Tola Marts plans for another council term

May 21, 2013

By Staff

Incumbent City Councilman Tola Marts is running for re-election to position No. 7 in November.

Marts was elected to the City Council in 2009 in a contested race for the seat vacated by longtime Councilman David Kappler. In his first year on the council, Marts voted for the final acquisition of the Park Pointe property and organizing the Mountain Biking Task Force.

In his second year, Marts said in a press release that he spearheaded the adoption of the Rowley Development Agreement, a progressive and comprehensive springboard for development in one of the most vital areas of the valley floor. In this and subsequent discussions, Marts said he has always striven to focus on living wage jobs and workforce housing, reminding residents and developers that “the people who work in Issaquah can’t afford to live in Issaquah, and the people who live in Issaquah can’t find jobs in Issaquah.”

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Tola Marts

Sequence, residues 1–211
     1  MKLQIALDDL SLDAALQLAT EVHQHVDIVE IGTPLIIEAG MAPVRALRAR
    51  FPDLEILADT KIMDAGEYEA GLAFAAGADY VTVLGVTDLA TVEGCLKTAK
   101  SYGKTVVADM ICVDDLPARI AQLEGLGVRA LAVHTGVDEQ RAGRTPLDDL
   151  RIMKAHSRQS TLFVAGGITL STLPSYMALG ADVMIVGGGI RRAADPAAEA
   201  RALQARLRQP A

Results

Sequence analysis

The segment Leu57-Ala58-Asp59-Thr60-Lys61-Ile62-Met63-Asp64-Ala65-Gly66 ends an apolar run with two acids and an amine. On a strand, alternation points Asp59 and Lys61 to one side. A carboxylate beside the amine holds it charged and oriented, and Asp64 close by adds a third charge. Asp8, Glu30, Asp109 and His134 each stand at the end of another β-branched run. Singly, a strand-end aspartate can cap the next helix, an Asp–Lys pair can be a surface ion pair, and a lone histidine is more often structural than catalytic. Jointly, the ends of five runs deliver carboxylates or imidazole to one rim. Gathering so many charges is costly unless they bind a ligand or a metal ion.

Marts was elected council president in 2012. Marts implemented reforms in the goal-setting process that have continued after his presidency, and enacted goals that provide more transparency to the city’s budgeting process.

For the past three years, Marts has represented Issaquah on the Sound Cities Association’s Public Issues Committee, where he said he sees himself providing Issaquah’s voice on regional development and governance issues.

Since 2006, Marts has lived in the Timbercrest neighborhood on Squak Mountain with his wife of 20 years Tracy and his two teenage children. He continues to be active with the Issaquah School District PTA and is a board member of Volunteers for Issaquah Schools.

Marts received a mechanical engineering degree from the University of Minnesota in 1992, and moved to Washington in 2003 to build spacecraft in the fledgling private aerospace industry. In 2012, he accepted a senior mechanical engineering/research scientist position with Intellectual Ventures Labs in Bellevue. He is leading the design and testing of a new vaccine storage device to improve vaccine distribution efforts and maternal and pediatric health outcomes in the developing world.

“I’m so proud and lucky to serve Issaquah,” he said in the release. “We have successfully weathered a terrible recession through nonpartisan problem solving and restrained financial oversight. I look forward to a second term, where I can continue to drive the adoption of performance metrics to track constituents’ tax dollars at work, push for Issaquah’s inclusion in regional and state discussions, and work with our new mayor and my fellow council members to deliver steady and consistent leadership in our great city.”

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